Why Pizza Hut’s red roofs and McDonald’s playgrounds are gone – Orange County Register
By Nathaniel Meyersohn
For decades, bright, whimsical, and oddly shaped fast food restaurants lined the side of America’s highways.
You would drive past Howard Johnson’s with its orange roofs and then drive past the red shacks of Pizza Hut. A few more miles and there was the White Castle with its roadside turrets. Arby’s roof was shaped like a wagon and Denny’s resembled a boomerang. And then McDonald’s, with its neon gold arches towering over its restaurants.
These whimsical designs were an early form of branding, gimmicks designed to grab drivers’ attention and make them stop.
As fast-food chains spread across the United States after World War II, new street restaurant brands had to stand out. Television was a new medium that had not yet been beamed into every single home, newspapers were still on the rise and social media was unthinkable.
Hence, restaurant chains turned to architecture as a key tool to promote their brand and create their corporate identity.
But today’s fast-food architecture has lost its whimsical charm and distinctive features. Critics say changes in the restaurant industry, advertising and technology have rendered fast food’s exteriors dull and dull.
Goodbye bright colors and unusual shapes. Today the design is minimalist and elegant. Most fast food restaurants are built to maximize efficiency and not draw motorists’ attention. Many take the form of boxes decorated with wood paneling, engineered stone or brick facades, and flat roofs. One critic has dubbed this trend “faux five-star restaurants,” designed to make customers forget they’re eating greasy fries and burgers.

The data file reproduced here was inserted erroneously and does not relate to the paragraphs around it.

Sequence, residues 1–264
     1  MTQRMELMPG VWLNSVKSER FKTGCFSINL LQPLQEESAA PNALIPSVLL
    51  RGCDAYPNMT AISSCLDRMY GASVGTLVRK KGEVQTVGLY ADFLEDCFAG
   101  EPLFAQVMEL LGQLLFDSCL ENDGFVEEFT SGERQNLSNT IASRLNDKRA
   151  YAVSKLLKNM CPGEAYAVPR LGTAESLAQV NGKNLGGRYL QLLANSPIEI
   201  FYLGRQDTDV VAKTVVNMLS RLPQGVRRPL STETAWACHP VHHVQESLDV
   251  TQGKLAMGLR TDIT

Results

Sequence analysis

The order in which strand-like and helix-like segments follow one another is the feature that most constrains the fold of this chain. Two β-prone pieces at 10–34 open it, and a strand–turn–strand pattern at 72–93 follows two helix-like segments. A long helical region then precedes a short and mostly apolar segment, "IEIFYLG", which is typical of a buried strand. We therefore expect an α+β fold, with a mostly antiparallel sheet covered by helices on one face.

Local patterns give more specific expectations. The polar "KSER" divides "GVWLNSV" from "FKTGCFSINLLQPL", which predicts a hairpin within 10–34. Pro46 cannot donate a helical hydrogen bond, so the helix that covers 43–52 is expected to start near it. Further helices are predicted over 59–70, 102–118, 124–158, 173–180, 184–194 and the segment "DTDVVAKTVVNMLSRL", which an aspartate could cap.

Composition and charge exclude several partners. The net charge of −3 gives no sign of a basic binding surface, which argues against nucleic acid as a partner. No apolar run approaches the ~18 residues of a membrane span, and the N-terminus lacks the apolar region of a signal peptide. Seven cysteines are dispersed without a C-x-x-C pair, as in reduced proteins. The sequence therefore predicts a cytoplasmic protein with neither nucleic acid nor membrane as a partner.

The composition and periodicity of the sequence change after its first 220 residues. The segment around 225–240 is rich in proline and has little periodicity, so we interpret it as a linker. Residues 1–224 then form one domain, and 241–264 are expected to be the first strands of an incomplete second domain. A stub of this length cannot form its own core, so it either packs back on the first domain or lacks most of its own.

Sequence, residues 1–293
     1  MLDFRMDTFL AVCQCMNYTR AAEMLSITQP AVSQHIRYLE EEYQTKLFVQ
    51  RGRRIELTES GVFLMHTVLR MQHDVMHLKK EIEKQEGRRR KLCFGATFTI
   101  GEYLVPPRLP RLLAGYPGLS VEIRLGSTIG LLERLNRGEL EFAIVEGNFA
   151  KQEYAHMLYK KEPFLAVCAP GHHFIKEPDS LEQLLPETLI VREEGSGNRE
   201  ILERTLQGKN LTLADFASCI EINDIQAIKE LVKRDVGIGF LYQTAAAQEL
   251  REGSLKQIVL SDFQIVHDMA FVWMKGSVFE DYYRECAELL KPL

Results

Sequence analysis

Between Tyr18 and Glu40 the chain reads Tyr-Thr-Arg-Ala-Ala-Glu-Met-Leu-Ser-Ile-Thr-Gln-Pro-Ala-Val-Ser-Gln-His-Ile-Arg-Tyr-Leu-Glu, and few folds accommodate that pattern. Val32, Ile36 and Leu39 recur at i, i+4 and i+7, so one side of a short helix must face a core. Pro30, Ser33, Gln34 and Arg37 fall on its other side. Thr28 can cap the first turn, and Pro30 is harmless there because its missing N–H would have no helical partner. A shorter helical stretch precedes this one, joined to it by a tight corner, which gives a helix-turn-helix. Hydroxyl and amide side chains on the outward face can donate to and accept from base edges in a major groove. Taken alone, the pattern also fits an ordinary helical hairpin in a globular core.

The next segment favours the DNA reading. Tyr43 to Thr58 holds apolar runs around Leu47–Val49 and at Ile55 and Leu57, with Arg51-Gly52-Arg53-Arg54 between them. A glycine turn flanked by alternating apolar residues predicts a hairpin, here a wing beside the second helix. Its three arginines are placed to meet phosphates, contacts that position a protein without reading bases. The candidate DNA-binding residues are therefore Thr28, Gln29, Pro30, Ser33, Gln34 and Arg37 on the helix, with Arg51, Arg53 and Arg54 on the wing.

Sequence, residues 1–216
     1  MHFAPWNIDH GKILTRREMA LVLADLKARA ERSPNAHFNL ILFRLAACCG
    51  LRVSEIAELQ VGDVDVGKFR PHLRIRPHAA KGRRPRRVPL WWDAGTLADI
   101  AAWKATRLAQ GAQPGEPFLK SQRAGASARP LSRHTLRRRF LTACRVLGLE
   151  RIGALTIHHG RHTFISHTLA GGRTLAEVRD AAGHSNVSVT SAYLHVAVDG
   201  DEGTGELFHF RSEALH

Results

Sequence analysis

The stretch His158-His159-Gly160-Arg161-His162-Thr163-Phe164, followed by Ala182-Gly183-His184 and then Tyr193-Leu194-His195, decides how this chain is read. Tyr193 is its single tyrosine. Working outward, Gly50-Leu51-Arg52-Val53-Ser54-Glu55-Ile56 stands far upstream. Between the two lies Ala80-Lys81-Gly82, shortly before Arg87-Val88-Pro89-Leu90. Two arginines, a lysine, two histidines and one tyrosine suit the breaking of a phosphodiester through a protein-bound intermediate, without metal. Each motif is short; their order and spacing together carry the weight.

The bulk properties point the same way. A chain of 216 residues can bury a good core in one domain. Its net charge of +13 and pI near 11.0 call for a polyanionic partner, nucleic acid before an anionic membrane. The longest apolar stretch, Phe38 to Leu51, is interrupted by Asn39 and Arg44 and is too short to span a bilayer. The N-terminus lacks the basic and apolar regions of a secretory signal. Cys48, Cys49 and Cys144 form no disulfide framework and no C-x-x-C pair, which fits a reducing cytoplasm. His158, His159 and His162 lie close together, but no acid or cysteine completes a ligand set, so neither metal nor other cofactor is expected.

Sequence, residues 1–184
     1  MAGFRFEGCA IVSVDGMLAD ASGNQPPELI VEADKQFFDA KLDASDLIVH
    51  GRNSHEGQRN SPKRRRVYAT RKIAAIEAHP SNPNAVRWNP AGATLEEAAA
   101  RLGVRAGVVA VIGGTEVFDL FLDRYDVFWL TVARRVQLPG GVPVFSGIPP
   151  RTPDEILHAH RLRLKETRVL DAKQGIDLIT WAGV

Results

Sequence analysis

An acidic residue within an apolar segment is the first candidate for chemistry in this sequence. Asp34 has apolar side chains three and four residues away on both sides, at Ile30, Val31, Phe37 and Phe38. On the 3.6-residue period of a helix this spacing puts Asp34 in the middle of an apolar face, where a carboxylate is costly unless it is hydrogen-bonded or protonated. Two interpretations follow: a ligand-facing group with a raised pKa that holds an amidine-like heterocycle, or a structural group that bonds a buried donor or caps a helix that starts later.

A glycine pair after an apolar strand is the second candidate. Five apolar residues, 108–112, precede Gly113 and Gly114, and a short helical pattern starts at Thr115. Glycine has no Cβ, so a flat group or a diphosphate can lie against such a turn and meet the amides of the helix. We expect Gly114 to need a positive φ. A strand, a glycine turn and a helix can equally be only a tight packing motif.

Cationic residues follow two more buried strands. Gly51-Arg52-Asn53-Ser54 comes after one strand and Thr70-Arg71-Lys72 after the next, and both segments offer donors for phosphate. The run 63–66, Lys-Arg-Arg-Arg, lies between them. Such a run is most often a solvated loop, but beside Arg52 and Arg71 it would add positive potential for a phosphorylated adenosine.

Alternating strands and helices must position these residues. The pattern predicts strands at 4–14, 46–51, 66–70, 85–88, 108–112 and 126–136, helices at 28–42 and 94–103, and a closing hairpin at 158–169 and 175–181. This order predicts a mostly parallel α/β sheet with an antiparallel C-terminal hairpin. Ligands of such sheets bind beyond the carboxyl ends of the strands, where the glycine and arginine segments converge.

The chains now look almost identical. Call it the gentrification of fast food design.
“They’re soulless little boxes,” said Glen Coben, an architect who has designed boutique hotels, restaurants and shops. “They’re like Monopoly houses.”
Fast food restaurants developed and expanded in the mid-20th century with the explosion of car culture and the development of freeways.
Large corporations dominated highway restaurants through a strategy known as “place-product packaging” — the coordination of building design, decor, menu, service and pricing, according to John Jakle, author of Fast Food: Roadside Restaurants in the Automobile Age. “
Fast food chain buildings have been designed to catch the attention of potential customers driving past at high speeds and make them slow down.
“The buildings had to be visually strong and bold,” said Alan Hess, architecture critic and historian. “That included neon signs and the shape of the building.”
A leading example: McDonald’s design, with its two golden arches leaning over the roof of its restaurant, a style known as Googie.
Introduced in California in 1953, McDonald’s design was influenced by cutting-edge cafes and street stands in Southern California, then the heart of burgeoning fast-food chains.